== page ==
Here are some of the songs that we will have on rotation this May.


You can now listen to our monthly playlist here:  TIDAL  |  SPOTIFY


  1. Deathless—Ibeyi, Kamasi Washington—Ash
  2. Righteously—Anna Ash—Righteously
  3. In My Life—Chie Ayado—Best II
  4. Wedding Song—Anaïs Mitchell, Justin Vernon—Hadestown
  5. Djougou Toro—Volta Jazz—Bobo Yéyé : Belle Époque
  6. Demolition Man—Def Leppard—Euphoria
  7. No Ordinary Love—Sade—Love Deluxe
  8. Catch My Breath—Confidence Man—Confident Music For Confident People
  9. Carry On—Wyclef Jean, Emili Sande—Carnival III: The Fall and Rise of a Refugee
  10. Talking Straight—Rolling Blackouts Coastal Fever—Talking Straight

 

Newvelle Records records their fourth season with Nordost cables

Recording is about to begin on Newvelle Records’ fourth season, and this time…they are using Nordost cables! Newvelle Records is an exciting new company that produces original, high quality, vinyl recordings, which are distributed as seasonal subscriptions. The collaboration between Nordost and Newvelle Records, announced in December 2017, is a natural fit, joining two companies whose love of music drove them to go to great lengths in order to achieve the same goal: high fidelity sound. Nordost cables have set up permanent residency in Manhattan-based recording studio, EastSide Sound, and are burned-in and ready to capture some great jazz. Newvelle’s fourth season will feature artists such as Steve Cardenas, Lionel Loueke, Bill Frisell, Skúli Sverrisson, Francisco Mela, Jason Palmer, Andrew Zimmerman, Dave Douglas, Kevin Hays, and Thomas Morgan.

2018.02.12 Nordost Eastsound Recording Studio -59

In celebration of our collaboration and the commencement of their fourth season, Newvelle Records is offering an exclusive gift: For every box set purchased, customers will receive a complementary pressing of Piano Noir!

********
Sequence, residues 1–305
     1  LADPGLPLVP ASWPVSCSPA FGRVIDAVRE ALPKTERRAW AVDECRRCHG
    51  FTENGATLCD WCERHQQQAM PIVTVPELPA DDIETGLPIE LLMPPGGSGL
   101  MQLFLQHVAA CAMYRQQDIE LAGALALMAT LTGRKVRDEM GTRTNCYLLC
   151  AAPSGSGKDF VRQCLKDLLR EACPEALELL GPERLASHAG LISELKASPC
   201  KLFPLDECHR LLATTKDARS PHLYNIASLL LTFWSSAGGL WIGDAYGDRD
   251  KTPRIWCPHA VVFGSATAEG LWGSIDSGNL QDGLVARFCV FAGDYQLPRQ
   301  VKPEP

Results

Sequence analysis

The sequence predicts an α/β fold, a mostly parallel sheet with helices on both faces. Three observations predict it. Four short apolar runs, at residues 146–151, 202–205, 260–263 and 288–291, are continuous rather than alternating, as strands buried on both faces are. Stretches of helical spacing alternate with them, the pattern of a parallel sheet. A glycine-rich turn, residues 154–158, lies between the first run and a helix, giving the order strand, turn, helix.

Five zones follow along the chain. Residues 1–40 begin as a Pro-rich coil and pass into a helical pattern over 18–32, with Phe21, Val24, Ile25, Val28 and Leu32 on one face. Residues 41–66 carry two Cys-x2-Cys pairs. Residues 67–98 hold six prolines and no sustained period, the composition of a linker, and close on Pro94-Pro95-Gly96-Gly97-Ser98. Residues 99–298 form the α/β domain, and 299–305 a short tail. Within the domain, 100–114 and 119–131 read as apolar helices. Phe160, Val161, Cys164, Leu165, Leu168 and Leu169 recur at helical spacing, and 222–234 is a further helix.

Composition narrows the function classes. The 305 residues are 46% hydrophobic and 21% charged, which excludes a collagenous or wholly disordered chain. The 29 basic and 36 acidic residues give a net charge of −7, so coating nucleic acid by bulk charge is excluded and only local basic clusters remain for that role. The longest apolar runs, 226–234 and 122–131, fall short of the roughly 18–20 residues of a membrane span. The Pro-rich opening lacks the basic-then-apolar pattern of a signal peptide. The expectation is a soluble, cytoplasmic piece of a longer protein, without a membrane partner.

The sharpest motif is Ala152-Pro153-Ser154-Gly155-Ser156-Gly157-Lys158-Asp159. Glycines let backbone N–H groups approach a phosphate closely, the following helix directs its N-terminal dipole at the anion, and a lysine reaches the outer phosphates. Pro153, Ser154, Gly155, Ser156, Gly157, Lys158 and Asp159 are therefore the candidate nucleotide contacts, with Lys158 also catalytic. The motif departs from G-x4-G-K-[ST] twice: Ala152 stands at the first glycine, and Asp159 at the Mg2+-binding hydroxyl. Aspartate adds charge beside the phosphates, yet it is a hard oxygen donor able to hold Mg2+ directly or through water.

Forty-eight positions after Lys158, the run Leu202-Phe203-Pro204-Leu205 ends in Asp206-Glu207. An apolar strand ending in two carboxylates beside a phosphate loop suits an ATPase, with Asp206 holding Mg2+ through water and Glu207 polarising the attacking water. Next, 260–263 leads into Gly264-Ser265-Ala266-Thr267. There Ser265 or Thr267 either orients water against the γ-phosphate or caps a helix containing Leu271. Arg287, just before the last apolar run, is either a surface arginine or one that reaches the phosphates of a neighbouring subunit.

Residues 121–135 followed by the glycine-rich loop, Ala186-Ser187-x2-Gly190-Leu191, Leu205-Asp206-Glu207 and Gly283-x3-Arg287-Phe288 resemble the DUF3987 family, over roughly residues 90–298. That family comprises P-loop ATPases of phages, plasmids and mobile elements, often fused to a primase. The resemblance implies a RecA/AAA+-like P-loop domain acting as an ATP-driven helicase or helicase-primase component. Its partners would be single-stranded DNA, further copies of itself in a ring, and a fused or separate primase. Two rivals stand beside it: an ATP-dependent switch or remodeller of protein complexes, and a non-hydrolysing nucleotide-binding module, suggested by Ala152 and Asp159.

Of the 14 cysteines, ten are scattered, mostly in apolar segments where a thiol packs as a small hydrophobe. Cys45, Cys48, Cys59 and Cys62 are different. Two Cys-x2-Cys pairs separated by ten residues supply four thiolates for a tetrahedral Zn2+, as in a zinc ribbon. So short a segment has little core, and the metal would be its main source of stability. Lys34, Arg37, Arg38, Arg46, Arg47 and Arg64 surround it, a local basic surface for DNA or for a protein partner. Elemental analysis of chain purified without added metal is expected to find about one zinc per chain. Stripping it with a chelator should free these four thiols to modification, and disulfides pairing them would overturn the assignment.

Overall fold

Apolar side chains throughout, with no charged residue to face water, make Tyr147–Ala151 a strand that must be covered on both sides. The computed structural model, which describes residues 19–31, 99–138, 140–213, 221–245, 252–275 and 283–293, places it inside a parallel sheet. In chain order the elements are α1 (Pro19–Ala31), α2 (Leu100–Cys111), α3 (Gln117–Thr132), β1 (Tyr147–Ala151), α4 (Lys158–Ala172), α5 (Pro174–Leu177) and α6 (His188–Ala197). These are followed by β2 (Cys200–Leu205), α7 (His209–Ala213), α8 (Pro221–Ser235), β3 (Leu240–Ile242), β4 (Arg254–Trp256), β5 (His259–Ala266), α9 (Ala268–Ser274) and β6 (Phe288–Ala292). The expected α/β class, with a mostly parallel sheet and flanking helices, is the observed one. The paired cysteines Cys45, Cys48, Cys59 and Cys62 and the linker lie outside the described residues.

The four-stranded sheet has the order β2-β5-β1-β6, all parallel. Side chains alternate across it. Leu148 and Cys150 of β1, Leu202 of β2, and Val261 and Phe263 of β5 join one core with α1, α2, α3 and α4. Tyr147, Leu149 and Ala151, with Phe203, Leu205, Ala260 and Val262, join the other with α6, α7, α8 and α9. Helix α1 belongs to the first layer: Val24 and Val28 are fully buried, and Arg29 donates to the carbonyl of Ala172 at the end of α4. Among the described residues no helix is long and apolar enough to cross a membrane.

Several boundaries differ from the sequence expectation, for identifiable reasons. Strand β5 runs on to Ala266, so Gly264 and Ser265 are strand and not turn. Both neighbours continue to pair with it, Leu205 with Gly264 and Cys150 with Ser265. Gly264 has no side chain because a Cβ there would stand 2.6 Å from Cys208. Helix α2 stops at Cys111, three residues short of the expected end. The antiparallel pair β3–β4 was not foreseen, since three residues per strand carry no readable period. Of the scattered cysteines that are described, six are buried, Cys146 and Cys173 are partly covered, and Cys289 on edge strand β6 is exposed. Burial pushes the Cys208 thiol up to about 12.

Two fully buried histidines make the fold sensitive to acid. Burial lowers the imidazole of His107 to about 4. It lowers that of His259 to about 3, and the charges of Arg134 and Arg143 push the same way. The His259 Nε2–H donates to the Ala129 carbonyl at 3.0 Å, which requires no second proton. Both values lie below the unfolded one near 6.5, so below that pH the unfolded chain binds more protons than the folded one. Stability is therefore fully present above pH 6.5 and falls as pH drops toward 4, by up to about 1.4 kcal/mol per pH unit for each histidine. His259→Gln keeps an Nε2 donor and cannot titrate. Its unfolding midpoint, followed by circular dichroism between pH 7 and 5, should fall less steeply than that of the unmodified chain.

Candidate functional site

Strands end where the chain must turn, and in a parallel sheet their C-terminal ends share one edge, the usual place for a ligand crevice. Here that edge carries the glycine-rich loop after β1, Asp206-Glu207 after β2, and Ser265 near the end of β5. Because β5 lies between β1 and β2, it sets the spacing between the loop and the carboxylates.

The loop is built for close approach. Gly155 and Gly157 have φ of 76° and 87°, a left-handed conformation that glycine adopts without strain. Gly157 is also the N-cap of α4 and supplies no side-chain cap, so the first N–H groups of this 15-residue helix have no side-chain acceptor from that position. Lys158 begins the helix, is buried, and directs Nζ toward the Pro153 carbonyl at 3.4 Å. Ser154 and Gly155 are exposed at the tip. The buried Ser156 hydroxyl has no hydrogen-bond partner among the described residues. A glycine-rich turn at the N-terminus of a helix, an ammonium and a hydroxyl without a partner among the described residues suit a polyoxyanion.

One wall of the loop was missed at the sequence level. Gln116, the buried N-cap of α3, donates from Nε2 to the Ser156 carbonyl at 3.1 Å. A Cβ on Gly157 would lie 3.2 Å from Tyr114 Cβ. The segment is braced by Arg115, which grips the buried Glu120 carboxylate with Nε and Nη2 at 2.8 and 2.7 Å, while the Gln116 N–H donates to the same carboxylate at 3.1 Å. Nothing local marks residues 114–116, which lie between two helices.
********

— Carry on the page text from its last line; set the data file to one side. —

To receive your free copy of Piano Noir, shop for your box set HERE and enter promo code “Nordost” at checkout.

2018.02.12 Nordost Eastsound Recording Studio -73

 

Nordost Playlist – April 2018


Nordost is lucky to have a wonderful team of representatives and product trainers who travel around the world educating and demonstrating the effects of Nordost’s products. As part of these demonstrations, it is our job to find an interesting and diverse selection of music to showcase our cables, power devices, sort system and accessories. Whether at shows, visiting our dealers and distributors or even in our own listening room in our headquarters in Holliston, we are constantly getting asked what music we are playing (or if our audience is not so bold to ask, we can see their Shazams working overtime). So we thought this would be a perfect opportunity to share our favorite songs of the moment. Some may be classics, some may be brand new, some may not even be to your taste, but one thing is for sure …it’s all great music.

Here are some of the songs that we will have on rotation this April.

playlist_April_18


You can now listen to our monthly playlist here:  TIDAL  |  SPOTIFY


  1. Hallelujah I Love Her So-2016 Mono Remastered—Ray Charles—The Atlantic Studio Albums In Mono (Remastered)
  2. Messaien’s Gumbo—John Patitucci—Remembrance
  3. I Choose You—Sara Bareilles—The Blessed Unrest
  4. Call Out My Name—The Weeknd—My Dear Melancholy
  5. My Way—Ivy Sole—West
  6. Hey, That’s No Way To Say Goodbye—Feist—Hey, That’s No Way To Say Goodbye
  7. Stravinsky: Le Sacre du Printemps—Igor Stravinsky, Teodor Currentzis—The Rige of Spring : Part One : Adoration of the Earth: Spring Rounds
  8. Astonished Man—Thao & The Get Down Stay Down—A Man Alive
  9. Follow My Voice—Julie Byrne—Not Even Happiness
  10. Kill My Sorrow—Joy Kill’s Sorrow—Darkness Sure Becomes This City

 

Nelson Brill On New Audiophile Jazz Recordings

Real music lovers can find the melody in everything. From the park to the concert hall, our friend Nelson Brill is always on the hunt for great sound. In this blog, Brill shares some new Audiophile jazz recordings.